If none of the above seems to apply, then feather picking is likely the culprit, and that could be (is possibly) the issue. This can be eased with a vitamin/mineral supplement (added to their water is the easiest solution), or you can increase their protein intake with healthy, high protein snacks such as the occasional can of sardines (packed in water if you have fat girls, pack in oil if they're on the skinny side). Sometimes you can increase their protein intake simply by not offering treats! Oatmeal, rice, fruit & veggies, 'scratch', corn, etc., all negatively affect their protein intake as the more they treat, the less nutrition they EAT.
Will keep you and your feathered family in my thoughts and prayers, and hoping you find the source of your problem quickly.
 
If you've ruled out parasitic issues, then bullying, boredom or protein deficiency is what's left on the checklist. I'm guessing boredom/deficiency. Must agree with Folly's Place in that chickens survive by hiding their discomfort; One that complains becomes further shunned or bullied by the others, until death. A weak bird threatens the flock, and chickens won't accept that risk.
Look your birds over well at night when lice and mites are more prone to activity. Eliminate that as a source of the problem.
Observe your birds closely, who's at the top of the pecking order? Who's at the bottom? Where do your affected birds fall in that hierarchy? Do your birds have 'toys' in the run with them; things like tree stumps, tires, or even cubby holes to duck into can be a source of entertainment for them. Rocks! Bricks! Blocks! These can be flipped over by you on a weekly basis to give the 'girls' bugs to pick on (instead of each other).
If none of the above seems to apply, then feather picking is likely the culprit, and that could be (is possibly) the issue. This can be eased with a vitamin/mineral supplement (added to their water is the easiest solution), or you can increase their protein intake with healthy, high protein snacks such as the occasional can of sardines (packed in water if you have fat girls, pack in oil if they're on the skinny side). Sometimes you can increase their protein intake simply by not offering treats! Oatmeal, rice, fruit & veggies, 'scratch', corn, etc., all negatively affect their protein intake as the more they treat, the less nutrition they EAT.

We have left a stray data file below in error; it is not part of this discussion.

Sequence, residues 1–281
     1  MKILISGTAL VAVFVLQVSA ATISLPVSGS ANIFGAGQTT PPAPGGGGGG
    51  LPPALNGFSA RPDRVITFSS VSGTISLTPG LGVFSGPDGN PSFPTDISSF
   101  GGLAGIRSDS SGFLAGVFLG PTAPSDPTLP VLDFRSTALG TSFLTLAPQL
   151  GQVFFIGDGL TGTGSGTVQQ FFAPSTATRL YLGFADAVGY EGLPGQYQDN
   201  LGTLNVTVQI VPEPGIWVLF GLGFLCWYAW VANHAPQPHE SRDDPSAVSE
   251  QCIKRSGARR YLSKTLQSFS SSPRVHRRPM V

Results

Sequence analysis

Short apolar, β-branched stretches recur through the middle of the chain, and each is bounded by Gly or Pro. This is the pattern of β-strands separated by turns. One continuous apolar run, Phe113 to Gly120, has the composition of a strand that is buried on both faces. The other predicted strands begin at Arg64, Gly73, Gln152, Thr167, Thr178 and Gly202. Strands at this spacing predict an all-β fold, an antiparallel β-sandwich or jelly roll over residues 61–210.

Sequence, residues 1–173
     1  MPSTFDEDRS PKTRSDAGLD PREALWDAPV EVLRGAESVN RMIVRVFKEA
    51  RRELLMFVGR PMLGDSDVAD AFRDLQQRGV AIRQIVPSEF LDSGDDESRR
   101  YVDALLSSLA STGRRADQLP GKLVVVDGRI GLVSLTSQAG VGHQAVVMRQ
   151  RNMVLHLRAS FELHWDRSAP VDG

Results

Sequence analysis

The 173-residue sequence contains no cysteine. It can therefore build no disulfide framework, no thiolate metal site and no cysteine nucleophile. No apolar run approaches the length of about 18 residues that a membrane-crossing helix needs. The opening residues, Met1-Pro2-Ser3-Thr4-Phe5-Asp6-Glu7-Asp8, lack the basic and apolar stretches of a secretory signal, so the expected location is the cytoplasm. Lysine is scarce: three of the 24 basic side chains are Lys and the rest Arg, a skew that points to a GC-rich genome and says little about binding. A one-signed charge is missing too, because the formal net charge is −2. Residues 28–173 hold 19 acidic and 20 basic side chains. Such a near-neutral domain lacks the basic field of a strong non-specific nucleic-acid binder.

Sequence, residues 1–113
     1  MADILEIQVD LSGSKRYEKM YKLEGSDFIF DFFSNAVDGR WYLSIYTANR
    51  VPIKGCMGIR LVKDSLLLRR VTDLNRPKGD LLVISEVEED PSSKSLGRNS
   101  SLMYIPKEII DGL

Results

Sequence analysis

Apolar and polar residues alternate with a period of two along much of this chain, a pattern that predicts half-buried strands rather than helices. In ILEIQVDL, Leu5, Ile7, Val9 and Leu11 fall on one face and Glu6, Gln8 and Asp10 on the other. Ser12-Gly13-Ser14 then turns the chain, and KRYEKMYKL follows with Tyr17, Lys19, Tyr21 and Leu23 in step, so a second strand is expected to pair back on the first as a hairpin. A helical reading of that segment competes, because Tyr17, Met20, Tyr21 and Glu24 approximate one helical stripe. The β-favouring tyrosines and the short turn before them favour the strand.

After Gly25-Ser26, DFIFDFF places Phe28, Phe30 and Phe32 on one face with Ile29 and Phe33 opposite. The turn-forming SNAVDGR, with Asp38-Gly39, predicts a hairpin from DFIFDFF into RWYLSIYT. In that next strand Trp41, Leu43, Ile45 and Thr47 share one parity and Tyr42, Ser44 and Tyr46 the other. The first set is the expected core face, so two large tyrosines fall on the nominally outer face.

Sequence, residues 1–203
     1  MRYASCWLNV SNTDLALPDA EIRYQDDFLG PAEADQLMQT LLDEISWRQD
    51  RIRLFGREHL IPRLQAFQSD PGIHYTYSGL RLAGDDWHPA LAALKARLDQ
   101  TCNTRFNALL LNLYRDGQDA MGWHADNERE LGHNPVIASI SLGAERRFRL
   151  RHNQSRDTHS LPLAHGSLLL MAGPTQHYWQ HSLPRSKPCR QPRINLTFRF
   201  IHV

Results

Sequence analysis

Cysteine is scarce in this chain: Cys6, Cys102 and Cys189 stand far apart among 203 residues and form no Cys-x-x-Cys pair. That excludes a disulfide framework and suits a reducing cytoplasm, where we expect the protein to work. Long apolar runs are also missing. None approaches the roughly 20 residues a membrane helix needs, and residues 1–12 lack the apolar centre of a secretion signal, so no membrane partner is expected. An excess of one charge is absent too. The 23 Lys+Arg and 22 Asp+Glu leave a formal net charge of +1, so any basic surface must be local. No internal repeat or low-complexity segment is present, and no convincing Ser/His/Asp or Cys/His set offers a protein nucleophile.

Will keep you and your feathered family in my thoughts and prayers, and hoping you find the source of your problem quickly.
Thank you, prayers appreciated, I’ve seen God work wonders from prayers. The chickens being effected I’d say are about middle to just below middle of the hierarchy. I’ve got some forms of entertainment but not much - I’ve been working on that and I’ve got a swing on the checklist haha! I’m gonna start giving them more protein snacks and putting some supplements in their waterer and well see what happens! Thank you all for the advice and prayers appreciated. If it’s just bad habits and feather picking, and nothing else effects it - what then do I do?
 
Birds do not show their pain. Are the ones getting picked on acting normal otherwise? Eating, moving ok? How old are they? What breed - some breeds are more prone to feather eating, like sex-links. Feathers are protien, there are layer feeds that are 17% instead of 16% protien that might help.
I’m gonna say I just learned something. When one pecks another it’s not pain, it’s fear I’m guessing? Or idk maybe I’m missing the entire point